The London Murders

One of the problems that the Victorian journalists faced, when trying to report on the Whitechapel murders, was that the police were reluctant to share any information with the press about their investigation into the crimes.

There were several reasons for this, not least of which was the fear that if the newspapers published updates on police lines of enquiry, they might tip the perpetrator off that the police were onto him, and, in so doing, cause him to change his appearance, or even the locale of his atrocities.

However, some police officers were happy to talk to the newspapers, on the condition, of course, that their identity was shielded to protect them from official censure.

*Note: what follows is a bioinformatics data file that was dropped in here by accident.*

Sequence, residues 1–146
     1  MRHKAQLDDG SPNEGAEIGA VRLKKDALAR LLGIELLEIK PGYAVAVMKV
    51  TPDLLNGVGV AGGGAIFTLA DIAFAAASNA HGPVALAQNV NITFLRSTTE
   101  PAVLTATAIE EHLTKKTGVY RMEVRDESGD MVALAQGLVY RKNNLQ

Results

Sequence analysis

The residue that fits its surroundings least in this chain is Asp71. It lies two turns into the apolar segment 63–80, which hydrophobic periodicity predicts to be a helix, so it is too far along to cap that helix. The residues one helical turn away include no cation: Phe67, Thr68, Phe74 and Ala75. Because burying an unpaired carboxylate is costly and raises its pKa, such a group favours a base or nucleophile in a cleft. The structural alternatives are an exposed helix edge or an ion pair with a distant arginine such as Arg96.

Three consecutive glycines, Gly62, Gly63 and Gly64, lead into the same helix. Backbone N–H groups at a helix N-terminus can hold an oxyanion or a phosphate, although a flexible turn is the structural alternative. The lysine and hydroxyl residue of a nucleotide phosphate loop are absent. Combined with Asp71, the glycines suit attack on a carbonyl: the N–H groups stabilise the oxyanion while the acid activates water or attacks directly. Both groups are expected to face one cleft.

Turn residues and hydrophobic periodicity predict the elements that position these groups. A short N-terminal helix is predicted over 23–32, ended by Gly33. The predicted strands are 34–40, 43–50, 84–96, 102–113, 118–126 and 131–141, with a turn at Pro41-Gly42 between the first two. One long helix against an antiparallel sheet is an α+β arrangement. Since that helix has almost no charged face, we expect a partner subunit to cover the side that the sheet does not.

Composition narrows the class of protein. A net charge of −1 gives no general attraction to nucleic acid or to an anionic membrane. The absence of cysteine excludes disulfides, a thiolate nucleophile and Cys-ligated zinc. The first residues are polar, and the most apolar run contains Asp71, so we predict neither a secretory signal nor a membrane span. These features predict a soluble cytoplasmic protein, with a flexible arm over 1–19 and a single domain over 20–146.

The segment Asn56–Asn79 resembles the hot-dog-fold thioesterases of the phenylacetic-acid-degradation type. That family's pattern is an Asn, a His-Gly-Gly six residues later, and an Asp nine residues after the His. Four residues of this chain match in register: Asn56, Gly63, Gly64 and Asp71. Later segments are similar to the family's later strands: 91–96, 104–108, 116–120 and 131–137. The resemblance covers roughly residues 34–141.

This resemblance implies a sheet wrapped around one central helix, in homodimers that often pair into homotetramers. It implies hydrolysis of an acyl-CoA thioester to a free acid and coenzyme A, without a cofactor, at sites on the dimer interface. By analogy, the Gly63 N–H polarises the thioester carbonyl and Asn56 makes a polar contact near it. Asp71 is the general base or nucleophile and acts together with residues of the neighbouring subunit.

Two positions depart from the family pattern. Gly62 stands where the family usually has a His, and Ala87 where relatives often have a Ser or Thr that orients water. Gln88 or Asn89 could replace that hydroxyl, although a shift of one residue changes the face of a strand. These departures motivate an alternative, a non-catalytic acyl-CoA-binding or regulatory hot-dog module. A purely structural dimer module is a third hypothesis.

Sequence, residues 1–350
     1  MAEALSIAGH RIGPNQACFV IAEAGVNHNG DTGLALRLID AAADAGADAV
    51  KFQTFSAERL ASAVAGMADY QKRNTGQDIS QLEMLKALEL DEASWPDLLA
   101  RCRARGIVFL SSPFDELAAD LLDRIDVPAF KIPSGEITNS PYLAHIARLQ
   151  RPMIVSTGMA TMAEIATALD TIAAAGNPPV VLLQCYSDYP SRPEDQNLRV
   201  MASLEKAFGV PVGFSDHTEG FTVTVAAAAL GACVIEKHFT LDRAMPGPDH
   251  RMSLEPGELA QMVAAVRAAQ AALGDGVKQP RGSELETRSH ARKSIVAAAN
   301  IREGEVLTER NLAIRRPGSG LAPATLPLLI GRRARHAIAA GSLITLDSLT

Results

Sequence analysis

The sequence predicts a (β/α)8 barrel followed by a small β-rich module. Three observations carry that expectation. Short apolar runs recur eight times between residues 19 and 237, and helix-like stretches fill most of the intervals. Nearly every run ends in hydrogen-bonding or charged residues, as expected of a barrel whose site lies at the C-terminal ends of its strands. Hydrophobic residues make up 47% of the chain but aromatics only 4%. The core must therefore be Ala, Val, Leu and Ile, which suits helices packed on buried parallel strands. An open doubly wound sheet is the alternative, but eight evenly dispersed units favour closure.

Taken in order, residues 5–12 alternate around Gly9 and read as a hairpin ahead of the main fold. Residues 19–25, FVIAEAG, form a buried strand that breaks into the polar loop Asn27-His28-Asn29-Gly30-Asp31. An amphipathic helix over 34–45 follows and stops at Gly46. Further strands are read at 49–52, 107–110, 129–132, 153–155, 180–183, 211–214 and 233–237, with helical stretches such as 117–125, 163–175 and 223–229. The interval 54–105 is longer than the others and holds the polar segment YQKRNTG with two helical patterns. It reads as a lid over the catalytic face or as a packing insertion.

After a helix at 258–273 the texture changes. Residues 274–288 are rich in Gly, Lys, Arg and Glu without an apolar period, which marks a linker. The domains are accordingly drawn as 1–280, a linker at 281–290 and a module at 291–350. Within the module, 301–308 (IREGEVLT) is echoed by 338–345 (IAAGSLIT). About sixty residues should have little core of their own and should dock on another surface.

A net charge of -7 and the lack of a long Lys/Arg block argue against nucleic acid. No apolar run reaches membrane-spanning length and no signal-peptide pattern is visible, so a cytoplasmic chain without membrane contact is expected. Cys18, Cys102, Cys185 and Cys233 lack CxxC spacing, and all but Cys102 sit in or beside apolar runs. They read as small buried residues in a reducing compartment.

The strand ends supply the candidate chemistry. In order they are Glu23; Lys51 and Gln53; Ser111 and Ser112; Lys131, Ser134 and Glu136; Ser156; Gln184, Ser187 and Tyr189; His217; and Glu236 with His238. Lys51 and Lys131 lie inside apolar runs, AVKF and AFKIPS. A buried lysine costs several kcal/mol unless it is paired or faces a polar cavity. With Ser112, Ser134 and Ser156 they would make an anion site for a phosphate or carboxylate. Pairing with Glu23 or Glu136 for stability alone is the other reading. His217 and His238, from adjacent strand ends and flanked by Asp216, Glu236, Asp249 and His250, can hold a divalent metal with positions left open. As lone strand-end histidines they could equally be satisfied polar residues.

In consequence, we get occasional tantalising glimpses of the police enquiry at the time, from officers who were privy to the progress of the investigation, but whose names were changed so that the journalists reporting their views could protect their sources.


On Sunday, 25th November, 1888, The Philadelphia Times published an interview with a “Detective Soyle”, who had paid a visit to the city, ostensibly en route to visiting his son who was working “out West.”

The article is an interesting one, in so far as, if the quotes are true, and Detective Inspector Soyle was, indeed, a member of the investigating team,  it provides us with an insight into the theories amongst the police, and other members of society, at the height of the Ripper scare in London.